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Can Games Make You Cry? 379

Posted by Zonk
from the recently-only-when-patching-doesn't-work dept.
Ground Glass writes "'Can games make you cry?' is a ridiculously simple question to ask about a hideously complex issue. Worse, it's possible that the very question itself muddies the answer. Next Generation's approach is a little more thoughtful; by figuring out what questions each medium tries to answer free of the art issue, it cuts to the heart of what games can do. With the tools made clear, it then theorizes what said tools can do emotionally." From the article: "In film, you can show a character staring at a point before him and then change perspective to show what he was staring at; it is the proximity and timing of the imagery that lends significance to the second shot. In painting, you can play with the two-dimensional space and qualities of the material at hand to create similarly suggestive juxtapositions of imagery, color, symbolism, perspective, lending greater insight into the workings of the medium, the subject at hand, the painter herself, and - ultimately - the viewer and his own perspective on the world around him."
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Can Games Make You Cry?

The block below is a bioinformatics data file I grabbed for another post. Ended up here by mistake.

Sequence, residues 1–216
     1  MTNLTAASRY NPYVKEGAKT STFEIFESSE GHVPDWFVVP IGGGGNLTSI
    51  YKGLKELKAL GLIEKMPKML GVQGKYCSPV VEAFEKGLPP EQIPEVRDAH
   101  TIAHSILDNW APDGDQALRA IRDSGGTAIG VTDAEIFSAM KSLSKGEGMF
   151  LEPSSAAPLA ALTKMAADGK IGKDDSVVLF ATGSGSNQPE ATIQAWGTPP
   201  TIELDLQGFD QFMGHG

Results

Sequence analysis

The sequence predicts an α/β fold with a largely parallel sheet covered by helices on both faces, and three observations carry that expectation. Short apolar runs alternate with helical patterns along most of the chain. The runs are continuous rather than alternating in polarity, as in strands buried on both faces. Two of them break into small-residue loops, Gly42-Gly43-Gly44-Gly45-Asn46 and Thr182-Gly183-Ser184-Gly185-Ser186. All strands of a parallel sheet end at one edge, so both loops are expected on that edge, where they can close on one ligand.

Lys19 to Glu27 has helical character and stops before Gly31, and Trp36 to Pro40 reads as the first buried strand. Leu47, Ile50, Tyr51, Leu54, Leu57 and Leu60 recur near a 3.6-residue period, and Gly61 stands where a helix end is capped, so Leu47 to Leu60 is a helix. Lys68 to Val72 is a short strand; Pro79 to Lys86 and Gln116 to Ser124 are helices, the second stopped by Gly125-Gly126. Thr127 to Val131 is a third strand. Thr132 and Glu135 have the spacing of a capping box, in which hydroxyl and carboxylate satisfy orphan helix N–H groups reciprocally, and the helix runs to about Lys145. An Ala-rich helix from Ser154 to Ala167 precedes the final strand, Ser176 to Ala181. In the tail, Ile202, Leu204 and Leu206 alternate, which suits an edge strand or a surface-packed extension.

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  • One Word... (Score:5, Insightful)

    by poodlehat (919902) <angela...anuszewski@@@gmail...com> on Thursday July 27, 2006 @12:34PM (#15792498) Journal
    Aeris.
  • by DesireCampbell (923687) <desire.c@gmail.com> on Thursday July 27, 2006 @12:38PM (#15792554) Homepage
    Games are an art form just like films or books. These other art-forms can instill a wide range of feeling into those playing/watching/reading them. Interactive media has come a long way since it's inception a few short decades ago, and already there are games which can made you happy, excited, they can move you, or they can scare you, some even make you laugh. It stands to reason that a game can make you cry, it's just a matter of "what game", and "when".

  • AERIS 4 shure! (Score:1, Insightful)

    by Dangolo (974232) on Thursday July 27, 2006 @12:53PM (#15792738)
    this part will prolly never get read, so the subject line says it all.
  • by thatguywhoiam (524290) on Thursday July 27, 2006 @01:02PM (#15792839)
    Once we get past this 1920-film era of video games, I'm sure we'll have some more emo.
  • Re:One Word... (Score:4, Insightful)

    by 0racle (667029) on Thursday July 27, 2006 @01:42PM (#15793220)
    Hate to break it to you, but simply saying it was a FMV in a game doesn't make it not part of the game. The death of Aeris wouldn't have been important at all if you just saw the cutscene so that wasn't what made it sad. It was all the interactions with the character that made you care about her and then you watched as a giant sword ripped through her.